# Analyzing Data

## Scatter plot graphs

It can be easy to see how one variable changes across space (location) or time. But sometimes the data contain additional relationships. A scatterplot graph can show visually how these additional relationships are connected to the patterns observed in space or time. Scatterplots show whether a relationship between two variables exists, the strength of that relationship, and its direction. They can also show any outliers (data points that don't fit the pattern).

A scatter plot is produced by plotting two variables on an X-Y graph. The independent variable is represented on the X-axis. This is the variable that is presumed to be causing a change. The dependent variable is represented on the Y-axis. This is the variable that is changing as a result of the independent variable. The resulting correlations may be positive (rising), negative (falling), or neither (uncorrelated). If the pattern of dots slopes from lower left to upper right, it indicates a positive correlation between the variables. (An increase in the X value corresponds to an increase in the Y value.) If the pattern slopes from upper left to lower right, it indicates a negative correlation. (An increase in the X value corresponds to a decrease in the Y value.)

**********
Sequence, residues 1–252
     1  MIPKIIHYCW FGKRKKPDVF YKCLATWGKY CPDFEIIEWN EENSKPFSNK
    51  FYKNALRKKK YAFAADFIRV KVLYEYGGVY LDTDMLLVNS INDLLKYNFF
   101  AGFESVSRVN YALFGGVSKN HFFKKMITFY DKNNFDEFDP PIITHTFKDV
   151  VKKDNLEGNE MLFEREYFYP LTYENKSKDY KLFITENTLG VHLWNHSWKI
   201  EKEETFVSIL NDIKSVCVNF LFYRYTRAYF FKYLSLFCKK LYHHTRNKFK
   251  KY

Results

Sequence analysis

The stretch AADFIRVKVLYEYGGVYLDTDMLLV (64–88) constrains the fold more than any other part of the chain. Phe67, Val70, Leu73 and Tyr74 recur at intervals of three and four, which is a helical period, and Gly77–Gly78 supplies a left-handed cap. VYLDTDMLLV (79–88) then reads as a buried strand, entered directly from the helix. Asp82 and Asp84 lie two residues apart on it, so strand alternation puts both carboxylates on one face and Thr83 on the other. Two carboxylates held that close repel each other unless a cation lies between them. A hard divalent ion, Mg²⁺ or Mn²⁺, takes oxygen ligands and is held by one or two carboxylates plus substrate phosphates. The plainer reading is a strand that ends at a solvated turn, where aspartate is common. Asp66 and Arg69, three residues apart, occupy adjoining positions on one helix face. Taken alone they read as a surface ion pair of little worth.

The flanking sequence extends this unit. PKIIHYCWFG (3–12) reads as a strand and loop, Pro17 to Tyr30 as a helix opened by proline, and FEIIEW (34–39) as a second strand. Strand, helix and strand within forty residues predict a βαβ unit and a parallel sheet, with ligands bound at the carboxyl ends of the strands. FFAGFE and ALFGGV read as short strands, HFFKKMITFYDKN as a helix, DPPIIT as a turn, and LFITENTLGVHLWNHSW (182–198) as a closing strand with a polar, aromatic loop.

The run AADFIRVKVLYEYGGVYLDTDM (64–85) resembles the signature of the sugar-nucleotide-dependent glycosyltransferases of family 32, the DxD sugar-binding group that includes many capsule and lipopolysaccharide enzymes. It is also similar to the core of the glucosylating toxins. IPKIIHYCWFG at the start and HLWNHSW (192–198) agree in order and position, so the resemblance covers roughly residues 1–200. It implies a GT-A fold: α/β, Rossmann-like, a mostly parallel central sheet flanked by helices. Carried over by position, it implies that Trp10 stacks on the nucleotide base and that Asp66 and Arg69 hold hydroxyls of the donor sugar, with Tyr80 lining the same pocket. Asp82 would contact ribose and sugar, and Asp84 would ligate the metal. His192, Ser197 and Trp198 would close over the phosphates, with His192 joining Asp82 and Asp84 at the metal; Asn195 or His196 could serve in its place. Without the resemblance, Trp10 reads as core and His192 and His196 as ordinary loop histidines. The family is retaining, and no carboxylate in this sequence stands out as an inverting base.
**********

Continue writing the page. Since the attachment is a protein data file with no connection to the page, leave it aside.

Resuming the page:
You can draw a line of best fit (called a 'trendline') that shows the correlation between the variables. You can then express this relationship in the form of an equation, which is a mathematical model of how the variables are related. The equation can help you estimate values on the X axis for which there are no actual data.

Let's look at two variables that might be related: density of zebra mussels and chlorophyll concentration? Our independent variable (to be graphed along the X-axis) should be the ecosystem component that we think is causing the change. In this case its density of zebra mussels. Our dependent variable (on the Y-axis) is the component that we think is being affected by the independent variable. In this case, the dependent variable is chlorophyll a. The scatterplot shows a negative correlation since the trendline is sloping down. This shows that when the density of zebra mussels increases, chlorophyll a decreases.